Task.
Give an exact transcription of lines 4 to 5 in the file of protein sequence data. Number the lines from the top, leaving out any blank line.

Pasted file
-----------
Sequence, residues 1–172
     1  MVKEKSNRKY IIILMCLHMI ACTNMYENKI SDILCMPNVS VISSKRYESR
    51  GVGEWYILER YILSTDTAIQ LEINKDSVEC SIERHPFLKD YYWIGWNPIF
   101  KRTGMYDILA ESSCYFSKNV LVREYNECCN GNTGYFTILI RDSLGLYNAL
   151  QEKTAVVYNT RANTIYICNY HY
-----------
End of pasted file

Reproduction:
   101  KRTGMYDILA ESSCYFSKNV LVREYNECCN GNTGYFTILI RDSLGLYNAL
   151  QEKTAVVYNT RANTIYICNY HY